So, your partner wants an elective caesarean?

The rate of elective caesareans is rising. Figures for NHS England show that in 1989/90 4.9% of all births were by elective caesarean. In 2015/16 that figure had risen to 11.5%.

But elective caesareans are a sometimes contentious topic among mothers and media commentators. In part, this is because of the scrutiny placed on celebrities such as Britney Spears, Victoria Beckham and Gwyneth Paltrow, all of whom have been very public in opting for the procedure in preference to birth via vaginal delivery.

So, before we even begin our discussion of your partner’s thoughts about elective caesarean it is important that we separate ourselves from all the media noise around mothers who are supposedly “too posh to push”: it is irrelevant.

Necessary Caesareans

Of course, there are many situations in which a woman might be advised by doctors to undergo a caesarean section. For example, all of the following may present a risk to mother and/or child and may result in the need for a C-section:

  • Baby in breech position
  • Previous caesarean section
  • Placenta raevia
  • Contracted pelvis
  • Severe pre-eclampsia
  • Diabetes
  • Twins
  • Maternal HIV or herpes
  • Sphincter, bladder or rectum problems

However, in contrast, a woman might choose to undergo an elective caesarean for one or more of the following non-medical reasons:

  • A previous traumatic birth
  • Fear of pain
  • Concern about weakening of the pelvic floor
  • Anxiety regarding vaginal delivery

Elective Caesareans – the pros and cons

What your partner decides to do is her choice and is based on her thoughts, her discussions with you and, of course, the consultations the two of you have with your midwife, obstetrician and GP.

That said, it is very useful for you to consider the pros and cons of undergoing an elective caesarean so that you can support your partner by helping her to make an informed choice.

First we look at a list of pros:

  • Lower risk of haemorrhage and need for transfusion
  • Fewer surgical complications
  • Lower rate of post-birth urinary incontinence
  • Lower risk of vaginal and/or anal pain

Now we look at a list of cons:

  • Longer hospital stay
  • Increased risk of infant respiratory problems
  • Higher risk of complications in subsequent pregnancies
  • Heightened risk of future hysterectomy
  • Scarring
  • There is still post-birth pain
  • There is still post-birth blood loss
  • possible reaction to anaesthetic

The C-section procedure

The vast majority of caesarean sections are performed under epidural or spinal anaesthetic. This means that your partner can remain conscious and engaged in the birth process.

Doctors will look to perform the procedure around week 38 or week 39 of the pregnancy and should ensure all of the following:

  • That a blood sample is taken two days before the procedure to confirm your blood type
  • That no food and drink has been consumed by the mother from six hours prior to the operation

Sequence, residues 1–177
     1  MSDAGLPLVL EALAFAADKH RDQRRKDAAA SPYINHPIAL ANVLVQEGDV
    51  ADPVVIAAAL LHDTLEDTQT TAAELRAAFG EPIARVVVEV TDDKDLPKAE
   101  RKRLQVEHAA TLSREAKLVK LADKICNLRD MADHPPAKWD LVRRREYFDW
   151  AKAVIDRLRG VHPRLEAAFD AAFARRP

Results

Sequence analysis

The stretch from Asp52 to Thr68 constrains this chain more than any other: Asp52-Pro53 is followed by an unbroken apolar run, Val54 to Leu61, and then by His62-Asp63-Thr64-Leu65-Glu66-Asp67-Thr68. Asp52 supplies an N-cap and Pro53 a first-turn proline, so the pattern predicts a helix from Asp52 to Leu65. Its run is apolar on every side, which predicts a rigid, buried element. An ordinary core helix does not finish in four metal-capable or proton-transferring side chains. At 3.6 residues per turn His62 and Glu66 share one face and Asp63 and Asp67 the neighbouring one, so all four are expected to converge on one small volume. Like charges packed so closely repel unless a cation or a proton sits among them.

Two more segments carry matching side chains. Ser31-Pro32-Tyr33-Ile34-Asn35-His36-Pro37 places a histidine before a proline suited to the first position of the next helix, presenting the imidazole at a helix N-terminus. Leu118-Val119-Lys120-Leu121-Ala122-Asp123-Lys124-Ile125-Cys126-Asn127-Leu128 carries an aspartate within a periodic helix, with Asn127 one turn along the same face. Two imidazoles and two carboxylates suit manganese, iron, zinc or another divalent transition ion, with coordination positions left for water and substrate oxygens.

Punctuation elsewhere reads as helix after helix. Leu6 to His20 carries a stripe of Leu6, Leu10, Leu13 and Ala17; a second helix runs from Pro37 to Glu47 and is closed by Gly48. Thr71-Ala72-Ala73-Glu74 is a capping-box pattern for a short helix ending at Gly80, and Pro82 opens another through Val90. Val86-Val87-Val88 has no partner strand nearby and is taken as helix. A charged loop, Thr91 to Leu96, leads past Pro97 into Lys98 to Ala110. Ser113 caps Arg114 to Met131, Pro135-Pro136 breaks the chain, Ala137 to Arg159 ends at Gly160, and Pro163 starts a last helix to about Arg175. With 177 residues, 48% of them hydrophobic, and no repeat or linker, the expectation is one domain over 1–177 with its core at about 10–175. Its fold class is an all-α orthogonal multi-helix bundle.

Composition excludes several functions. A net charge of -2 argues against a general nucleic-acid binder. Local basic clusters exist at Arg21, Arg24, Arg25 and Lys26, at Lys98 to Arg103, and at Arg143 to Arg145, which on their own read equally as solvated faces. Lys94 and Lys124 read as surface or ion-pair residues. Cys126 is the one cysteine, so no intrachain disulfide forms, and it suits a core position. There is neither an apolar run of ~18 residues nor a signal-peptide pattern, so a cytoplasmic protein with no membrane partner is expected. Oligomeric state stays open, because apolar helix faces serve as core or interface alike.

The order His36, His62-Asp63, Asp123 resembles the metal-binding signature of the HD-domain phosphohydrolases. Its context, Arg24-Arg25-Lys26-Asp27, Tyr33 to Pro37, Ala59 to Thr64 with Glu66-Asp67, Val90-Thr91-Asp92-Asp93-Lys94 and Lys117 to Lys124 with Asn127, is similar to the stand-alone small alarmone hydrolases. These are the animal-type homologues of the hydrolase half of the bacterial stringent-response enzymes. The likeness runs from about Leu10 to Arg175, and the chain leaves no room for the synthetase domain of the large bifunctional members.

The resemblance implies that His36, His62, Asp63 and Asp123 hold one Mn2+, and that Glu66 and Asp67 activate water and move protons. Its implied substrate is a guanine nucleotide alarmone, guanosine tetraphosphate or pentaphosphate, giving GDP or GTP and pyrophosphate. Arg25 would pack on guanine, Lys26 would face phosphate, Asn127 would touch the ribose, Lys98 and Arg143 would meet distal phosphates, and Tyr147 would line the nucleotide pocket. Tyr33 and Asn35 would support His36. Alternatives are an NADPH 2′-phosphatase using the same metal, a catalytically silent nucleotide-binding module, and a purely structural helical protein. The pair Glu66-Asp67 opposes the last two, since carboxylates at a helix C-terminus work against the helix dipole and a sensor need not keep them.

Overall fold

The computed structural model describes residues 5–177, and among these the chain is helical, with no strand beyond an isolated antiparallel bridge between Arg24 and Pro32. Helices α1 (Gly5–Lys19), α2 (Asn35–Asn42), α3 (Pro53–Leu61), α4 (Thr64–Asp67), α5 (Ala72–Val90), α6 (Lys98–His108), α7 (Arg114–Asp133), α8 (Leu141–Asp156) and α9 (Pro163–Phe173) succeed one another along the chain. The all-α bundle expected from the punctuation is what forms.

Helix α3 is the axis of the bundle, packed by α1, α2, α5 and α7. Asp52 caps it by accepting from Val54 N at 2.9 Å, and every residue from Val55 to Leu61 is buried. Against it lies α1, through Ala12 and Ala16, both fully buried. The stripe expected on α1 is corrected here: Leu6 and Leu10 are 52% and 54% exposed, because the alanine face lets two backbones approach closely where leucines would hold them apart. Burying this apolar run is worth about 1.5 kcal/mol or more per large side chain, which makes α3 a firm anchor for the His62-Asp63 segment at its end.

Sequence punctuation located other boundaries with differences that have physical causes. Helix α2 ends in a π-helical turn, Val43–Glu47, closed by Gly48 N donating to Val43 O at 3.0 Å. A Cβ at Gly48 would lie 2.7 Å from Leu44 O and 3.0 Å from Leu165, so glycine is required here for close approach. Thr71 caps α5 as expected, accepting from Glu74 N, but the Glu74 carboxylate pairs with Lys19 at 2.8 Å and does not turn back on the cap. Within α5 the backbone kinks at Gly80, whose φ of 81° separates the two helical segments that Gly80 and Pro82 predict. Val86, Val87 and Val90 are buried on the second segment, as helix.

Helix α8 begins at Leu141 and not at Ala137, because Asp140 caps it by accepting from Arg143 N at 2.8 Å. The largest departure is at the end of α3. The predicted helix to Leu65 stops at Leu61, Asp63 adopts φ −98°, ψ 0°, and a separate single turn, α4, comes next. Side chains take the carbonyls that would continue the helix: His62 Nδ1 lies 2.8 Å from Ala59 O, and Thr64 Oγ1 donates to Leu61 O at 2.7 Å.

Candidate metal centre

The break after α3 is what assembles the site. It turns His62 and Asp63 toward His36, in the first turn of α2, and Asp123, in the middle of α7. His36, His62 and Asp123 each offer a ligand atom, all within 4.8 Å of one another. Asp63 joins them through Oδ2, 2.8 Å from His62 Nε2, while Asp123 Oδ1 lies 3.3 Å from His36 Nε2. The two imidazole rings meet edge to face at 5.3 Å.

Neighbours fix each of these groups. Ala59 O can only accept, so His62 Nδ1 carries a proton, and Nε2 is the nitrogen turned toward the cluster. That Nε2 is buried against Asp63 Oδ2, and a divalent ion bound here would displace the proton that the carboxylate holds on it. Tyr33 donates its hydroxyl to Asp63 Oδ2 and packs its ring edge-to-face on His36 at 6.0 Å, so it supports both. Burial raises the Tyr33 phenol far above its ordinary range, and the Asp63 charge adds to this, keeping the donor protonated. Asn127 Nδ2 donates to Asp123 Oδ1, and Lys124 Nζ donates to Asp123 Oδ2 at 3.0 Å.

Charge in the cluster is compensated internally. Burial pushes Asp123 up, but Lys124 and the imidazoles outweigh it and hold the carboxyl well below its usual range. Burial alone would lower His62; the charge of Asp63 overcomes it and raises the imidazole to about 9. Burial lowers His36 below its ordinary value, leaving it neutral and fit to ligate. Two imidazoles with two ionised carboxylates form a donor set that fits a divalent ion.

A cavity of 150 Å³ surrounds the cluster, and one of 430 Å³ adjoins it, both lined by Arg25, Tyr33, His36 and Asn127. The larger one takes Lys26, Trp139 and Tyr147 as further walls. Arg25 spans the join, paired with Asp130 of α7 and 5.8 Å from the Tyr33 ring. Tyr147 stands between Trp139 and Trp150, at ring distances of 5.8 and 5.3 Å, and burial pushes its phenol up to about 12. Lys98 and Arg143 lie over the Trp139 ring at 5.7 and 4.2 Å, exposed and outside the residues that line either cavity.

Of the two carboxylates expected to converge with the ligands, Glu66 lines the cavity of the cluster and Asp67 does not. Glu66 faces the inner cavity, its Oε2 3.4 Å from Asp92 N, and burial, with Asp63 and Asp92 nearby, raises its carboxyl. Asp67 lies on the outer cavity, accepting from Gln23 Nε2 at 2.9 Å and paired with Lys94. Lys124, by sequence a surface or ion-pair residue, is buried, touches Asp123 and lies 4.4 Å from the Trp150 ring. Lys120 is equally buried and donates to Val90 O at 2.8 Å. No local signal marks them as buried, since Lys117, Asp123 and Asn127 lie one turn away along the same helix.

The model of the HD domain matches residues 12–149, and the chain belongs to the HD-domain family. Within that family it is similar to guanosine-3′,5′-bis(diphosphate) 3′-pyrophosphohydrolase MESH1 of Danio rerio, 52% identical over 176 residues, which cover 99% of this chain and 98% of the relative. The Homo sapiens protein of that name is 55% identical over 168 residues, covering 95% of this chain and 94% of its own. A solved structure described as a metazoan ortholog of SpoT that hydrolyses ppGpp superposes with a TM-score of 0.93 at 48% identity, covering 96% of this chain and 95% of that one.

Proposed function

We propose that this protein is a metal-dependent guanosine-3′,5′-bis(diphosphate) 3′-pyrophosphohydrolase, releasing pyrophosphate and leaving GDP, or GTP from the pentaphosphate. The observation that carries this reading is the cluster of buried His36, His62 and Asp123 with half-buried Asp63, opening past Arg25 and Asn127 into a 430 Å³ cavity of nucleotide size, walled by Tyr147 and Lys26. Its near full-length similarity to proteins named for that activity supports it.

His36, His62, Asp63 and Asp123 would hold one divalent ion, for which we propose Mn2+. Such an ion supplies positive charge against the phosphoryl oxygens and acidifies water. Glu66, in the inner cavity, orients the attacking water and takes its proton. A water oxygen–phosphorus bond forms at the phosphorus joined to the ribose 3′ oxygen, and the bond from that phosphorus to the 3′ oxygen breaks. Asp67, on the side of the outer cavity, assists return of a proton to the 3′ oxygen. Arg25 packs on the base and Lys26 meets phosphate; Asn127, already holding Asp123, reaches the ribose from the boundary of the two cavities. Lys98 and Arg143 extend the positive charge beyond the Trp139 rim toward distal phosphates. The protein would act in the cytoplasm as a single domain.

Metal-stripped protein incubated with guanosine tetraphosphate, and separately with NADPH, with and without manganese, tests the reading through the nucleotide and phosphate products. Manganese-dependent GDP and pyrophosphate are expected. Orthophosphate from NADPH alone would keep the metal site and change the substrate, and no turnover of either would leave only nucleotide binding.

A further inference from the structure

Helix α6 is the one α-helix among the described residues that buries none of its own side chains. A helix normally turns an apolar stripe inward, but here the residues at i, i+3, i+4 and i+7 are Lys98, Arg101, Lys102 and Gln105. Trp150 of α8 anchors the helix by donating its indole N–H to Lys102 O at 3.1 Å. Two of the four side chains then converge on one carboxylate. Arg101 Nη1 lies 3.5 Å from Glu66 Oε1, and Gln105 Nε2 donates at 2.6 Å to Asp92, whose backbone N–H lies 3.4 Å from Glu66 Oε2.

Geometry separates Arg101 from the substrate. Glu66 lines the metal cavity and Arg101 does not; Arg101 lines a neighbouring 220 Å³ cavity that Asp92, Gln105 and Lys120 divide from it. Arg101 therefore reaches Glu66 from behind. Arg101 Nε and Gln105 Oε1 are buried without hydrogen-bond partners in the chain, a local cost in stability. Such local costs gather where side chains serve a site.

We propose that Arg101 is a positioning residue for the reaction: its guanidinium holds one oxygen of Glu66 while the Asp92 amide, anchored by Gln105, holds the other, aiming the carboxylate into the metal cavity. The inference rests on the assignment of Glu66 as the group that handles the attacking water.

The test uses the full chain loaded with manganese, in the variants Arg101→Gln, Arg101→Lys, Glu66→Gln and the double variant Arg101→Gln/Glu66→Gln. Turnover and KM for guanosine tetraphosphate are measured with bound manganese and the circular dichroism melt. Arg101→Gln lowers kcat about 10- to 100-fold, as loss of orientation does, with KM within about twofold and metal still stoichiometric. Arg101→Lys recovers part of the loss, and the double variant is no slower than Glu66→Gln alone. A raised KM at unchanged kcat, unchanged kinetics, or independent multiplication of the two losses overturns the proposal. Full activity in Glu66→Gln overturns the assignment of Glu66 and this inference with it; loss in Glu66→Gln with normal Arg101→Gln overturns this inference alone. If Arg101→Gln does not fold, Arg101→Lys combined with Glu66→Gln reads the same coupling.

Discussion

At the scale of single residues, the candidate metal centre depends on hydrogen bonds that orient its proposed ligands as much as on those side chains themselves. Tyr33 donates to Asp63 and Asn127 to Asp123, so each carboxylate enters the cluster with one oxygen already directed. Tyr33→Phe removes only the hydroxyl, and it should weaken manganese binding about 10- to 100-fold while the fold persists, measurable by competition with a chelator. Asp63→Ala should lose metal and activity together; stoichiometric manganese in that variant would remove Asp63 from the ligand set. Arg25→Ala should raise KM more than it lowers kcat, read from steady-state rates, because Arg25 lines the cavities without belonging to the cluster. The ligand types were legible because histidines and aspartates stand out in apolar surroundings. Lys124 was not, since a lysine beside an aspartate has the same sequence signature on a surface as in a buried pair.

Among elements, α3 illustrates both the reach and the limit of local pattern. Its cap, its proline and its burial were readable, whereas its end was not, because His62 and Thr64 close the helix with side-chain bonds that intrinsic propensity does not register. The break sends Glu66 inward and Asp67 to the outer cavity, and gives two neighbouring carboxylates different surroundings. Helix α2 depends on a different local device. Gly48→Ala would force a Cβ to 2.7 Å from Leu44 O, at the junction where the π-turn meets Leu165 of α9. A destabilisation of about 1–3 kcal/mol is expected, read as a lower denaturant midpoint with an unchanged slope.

• That the mother receives tablets to neutralise stomach acid

The baby’s heart will be monitored throughout and an intravenous drip will be inserted into your partner’s hand to ensure she remains hydrated. In addition, doctors will monitor blood pressure, oxygen saturation and maternal heart rate, while your partner’s pubic hair will be shaved back to allow for the insertion of a catheter.

An anaesthetist will administer the epidural or spinal block – this will begin to take effect within ten minutes, although it may take around 45 minutes before your partner is ready for surgery.

Doctors typically erect a screen over your partner so that she doesn’t have to witness the full surgical process, but you may well be able to see the whole thing.

Be aware, just as with a vaginal delivery, the baby does not always cry straight away – you may have to wait a few minutes for this reassuring noise.

Your role

The good news is that even if your wife is having an elective caesarean, you still have a major role to play. Unless she requires a general anaesthetic, you can be present so that you can hold your partner’s hand and offer warm and gentle words of support.

However, you will need to don some surgical scrubs and show a strong stomach because of the cutting, the blood and the presence of large amounts of amniotic fluid. C-sections can also be noisy; this includes the sound of the incision and the sound of the suction pipe that is used to suck up the blood and fluids released during the operation.

Additionally, it will take up to an hour to stitch your partner back up. During this time it is your job to hold and nurture your new baby!

Important – If you or your child are unwell you should seek medical advice from a professional – contact your GP or visit an A&E department in an emergency. While My BabyManual strives to provide dependable and trusted advice 24/7 via our website pages, we cannot provide individual answers to specific healthcare questions.
Tags:
Please sign in to comment on this article.
Be the first to write a comment on this article.